In 1993, a conflict over a permit between the federal government's Bureau of Alcohol, Tobacco, and Firearms and a compound of Branch Davidians — a fringe offshoot of the Seventh-day Adventist Church — began with violence, dragged on for 51 days, and eventually ended in a firefight. All told, 86 people died, including Branch Davidian leader, David Koresh. Taylor Kitsch stars in Waco, a six-part miniseries on the Paramount network (formerly Spike), which recreates the standoff. When I ask Kitsch over the phone ahead of the show's Jan. 24 premiere what kind of process he undertook to transform himself into the charismatic leader, he answers with a laugh and a question: "Where do you want to start?"
Underneath aviator-frame glasses and a shaggy mullet, Kitsch is nearly unrecognizable in the role. In addition to losing weight to match Koresh's slight frame, Kitsch did extensive research into his background, watching recruitment videos and reading letters Koresh had sent and received. He pored over the scripture that Koresh taught — sometimes, Kitsch says, in 18-hour sermons. The actor also took guitar and singing lessons, because Koresh took pride in his musical abilities and utilized them in his evangelizing.
Waco is based in part on A Place Called Waco: A Survivor's Story, an account of the siege and life on the Branch Davidian compound co-written by former member David Thibodeau. (Thibodeau is played by Rory Culkin in the series.) In addition to having that first-person retelling to consult, Kitsch was also in direct contact with Thibodeau himself throughout the production.
"Sometimes I’d just email him during the shoot at two or one in the morning, saying, 'What kind of song would Dave sing in this next scene we’re doing on Thursday?' Or whatever. And he would send over three songs that were very Koresh-like. Those kind of things go a long way for me, and it allows you as an actor to just kind of marry yourself to it," Kitsch says.
By the time the audience meets Koresh (born Vernon Wayne Howell) in the Paramount series, he's the unquestioned, infallible leader of what some might call a "cult," whose followers believe he is the "lamb" spoken about in the Book of Revelation. After studying him extensively, Kitsch has an opinion about how Koresh built up such a faithful following.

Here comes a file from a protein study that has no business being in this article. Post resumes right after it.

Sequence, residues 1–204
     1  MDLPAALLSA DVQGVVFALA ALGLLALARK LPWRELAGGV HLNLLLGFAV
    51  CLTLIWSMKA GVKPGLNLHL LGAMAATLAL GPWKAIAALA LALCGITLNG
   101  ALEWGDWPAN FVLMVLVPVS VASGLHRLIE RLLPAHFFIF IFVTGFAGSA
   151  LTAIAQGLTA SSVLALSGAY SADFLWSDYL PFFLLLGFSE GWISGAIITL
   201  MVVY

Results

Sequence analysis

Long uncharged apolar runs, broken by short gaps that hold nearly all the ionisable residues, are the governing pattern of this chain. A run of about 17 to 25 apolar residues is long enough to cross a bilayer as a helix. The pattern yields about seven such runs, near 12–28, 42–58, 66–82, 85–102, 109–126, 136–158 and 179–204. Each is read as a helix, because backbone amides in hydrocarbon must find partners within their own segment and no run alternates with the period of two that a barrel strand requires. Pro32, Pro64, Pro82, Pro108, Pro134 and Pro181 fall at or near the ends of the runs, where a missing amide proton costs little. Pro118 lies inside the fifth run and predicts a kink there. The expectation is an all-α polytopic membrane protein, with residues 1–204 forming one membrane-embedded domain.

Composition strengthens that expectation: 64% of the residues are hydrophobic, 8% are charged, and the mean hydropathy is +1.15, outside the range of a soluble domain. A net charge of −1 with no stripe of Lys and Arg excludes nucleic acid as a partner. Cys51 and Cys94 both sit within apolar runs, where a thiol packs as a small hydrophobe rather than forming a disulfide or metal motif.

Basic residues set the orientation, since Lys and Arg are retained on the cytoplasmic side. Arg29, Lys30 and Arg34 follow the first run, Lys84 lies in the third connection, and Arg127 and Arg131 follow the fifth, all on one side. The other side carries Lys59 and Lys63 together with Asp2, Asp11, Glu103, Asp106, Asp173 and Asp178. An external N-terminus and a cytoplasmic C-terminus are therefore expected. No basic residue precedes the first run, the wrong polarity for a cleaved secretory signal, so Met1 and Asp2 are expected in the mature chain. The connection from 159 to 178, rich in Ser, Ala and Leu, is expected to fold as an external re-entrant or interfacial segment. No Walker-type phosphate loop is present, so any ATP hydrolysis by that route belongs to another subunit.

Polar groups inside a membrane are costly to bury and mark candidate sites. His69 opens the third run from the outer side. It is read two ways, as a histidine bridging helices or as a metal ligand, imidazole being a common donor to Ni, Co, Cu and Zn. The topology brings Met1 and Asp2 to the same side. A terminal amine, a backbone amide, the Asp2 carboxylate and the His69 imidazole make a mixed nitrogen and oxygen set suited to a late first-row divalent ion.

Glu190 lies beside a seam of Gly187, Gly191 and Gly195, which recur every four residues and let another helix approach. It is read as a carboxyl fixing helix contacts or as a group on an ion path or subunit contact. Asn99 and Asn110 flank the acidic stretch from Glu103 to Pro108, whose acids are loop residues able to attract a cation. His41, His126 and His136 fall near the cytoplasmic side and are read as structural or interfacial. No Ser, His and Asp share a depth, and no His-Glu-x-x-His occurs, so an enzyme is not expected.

"I think he was incredible at giving purpose, which everyone in life searches for," the actor says. "And a majority of people are followers. And when he finds somebody or there’s a moment in their life and they’re more susceptible to it, he can individualize people in an incredible way. And in that, he gains purpose as well."
As most Branch Davidians didn't survive the standoff, their stories have largely gone unheard. But Waco gives those people a voice through full and empathetic portrayals. In watching the series, viewers can see how (according to the accounts the series is based on), the residents of the compound lived, worked, loved, and took care of their children.
"[The perception is] it’s just robots and drones that are following this crazy guy that’s slinging the Bible around," Kitsch says of the Branch Davidians. But in reality, many of Koresh's followers were average people — and some were remarkable: Douglas Wayne Martin, who died in the siege, was one of the first black students to graduate from Harvard Law.
But in creating his own version of Koresh, Kitsch came to understand that what called to Branch Davidians the most was that their leader made them feel vitally important and gave them constant validation. Some would follow Koresh around all day, Kitsch says, just to wait for him to zero in and give them personal attention.
"I think Dave had a really mad, brilliant way of putting everything in layman’s terms, and that just makes him more relatable. He can relate [scripture] to your life and personalize it," he says. "And it was never enough, that was the beauty of what he was doing. Because they want more; it’s like a drug in that sense."
Beloved though Koresh was, Kitsch also acknowledges the darker, selfish motivations at the core of the man's preaching. Because Koresh and his followers believed that he would create the 24 elders that would rule the world after the "seventh seal" brought about the apocalypse, women would offer themselves up to be a vessel for that child. All Branch Davidians except Koresh and his several "spiritual wives" were instructed to stay celibate. The leader was born to a teenage single mother and his father was not around; Kitsch thinks that Koresh painstakingly built a "world of control that he never had growing up."
"He had his pick of any woman he wants," Kitsch says. "He’ll have a gig and go to LA and try to get a record label and come back, and he has people waiting on him. It’s just like — it’s kind of his birthday every day, if you think about it."
At the same time, the actor had to explore the more sympathetic aspects of Koresh, like the sharp sense of humor Kitsch was surprised to learn that he had. There was a version of Koresh who was just "a Texas boy," he says, who'd grab a drink at the local bar and — as the series shows — was friendly with the compound's Waco neighbors.
"As an actor, you want to play and show every color, no matter who you’re playing. Dave certainly had that in spades. He was very dramatic and kind of lived with his heart on his sleeve and led that way and was manipulative and loving and he was all of it. Enigmatic," Kitsch says. "And there’s still things that we won’t have answers to. But it was incredibly fulfilling — just an insane challenge to kind of wrap my head [around] the whole thing."